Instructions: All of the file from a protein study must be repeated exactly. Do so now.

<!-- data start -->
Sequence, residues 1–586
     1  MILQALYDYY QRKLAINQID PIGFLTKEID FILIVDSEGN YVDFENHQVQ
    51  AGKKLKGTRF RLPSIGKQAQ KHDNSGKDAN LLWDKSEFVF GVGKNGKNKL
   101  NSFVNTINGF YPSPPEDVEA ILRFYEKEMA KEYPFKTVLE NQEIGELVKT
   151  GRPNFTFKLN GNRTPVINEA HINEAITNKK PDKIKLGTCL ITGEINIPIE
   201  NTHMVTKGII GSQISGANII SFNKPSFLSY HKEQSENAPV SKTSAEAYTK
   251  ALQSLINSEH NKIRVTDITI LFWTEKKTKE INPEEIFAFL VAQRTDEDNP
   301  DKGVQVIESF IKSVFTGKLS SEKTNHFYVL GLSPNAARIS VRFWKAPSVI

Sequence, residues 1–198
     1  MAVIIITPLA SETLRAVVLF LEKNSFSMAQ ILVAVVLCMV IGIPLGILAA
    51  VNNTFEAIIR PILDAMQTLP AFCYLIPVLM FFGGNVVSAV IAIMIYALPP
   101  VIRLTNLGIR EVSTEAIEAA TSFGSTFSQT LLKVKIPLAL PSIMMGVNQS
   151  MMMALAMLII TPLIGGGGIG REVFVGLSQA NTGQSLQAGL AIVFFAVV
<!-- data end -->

Sequence, residues 1–586
     1  MILQALYDYY QRKLAINQID PIGFLTKEID FILIVDSEGN YVDFENHQVQ
    51  AGKKLKGTRF RLPSIGKQAQ KHDNSGKDAN LLWDKSEFVF GVGKNGKNKL
   101  NSFVNTINGF YPSPPEDVEA ILRFYEKEMA KEYPFKTVLE NQEIGELVKT
   151  GRPNFTFKLN GNRTPVINEA HINEAITNKK PDKIKLGTCL ITGEINIPIE
   201  NTHMVTKGII GSQISGANII SFNKPSFLSY HKEQSENAPV SKTSAEAYTK
   251  ALQSLINSEH NKIRVTDITI LFWTEKKTKE INPEEIFAFL VAQRTDEDNP
   301  DKGVQVIESF IKSVFTGKLS SEKTNHFYVL GLSPNAARIS VRFWKAPSVI

Sequence, residues 1–198
     1  MAVIIITPLA SETLRAVVLF LEKNSFSMAQ ILVAVVLCMV IGIPLGILAA
    51  VNNTFEAIIR PILDAMQTLP AFCYLIPVLM FFGGNVVSAV IAIMIYALPP
   101  VIRLTNLGIR EVSTEAIEAA TSFGSTFSQT LLKVKIPLAL PSIMMGVNQS
   151  MMMALAMLII TPLIGGGGIG REVFVGLSQA NTGQSLQAGL AIVFFAVV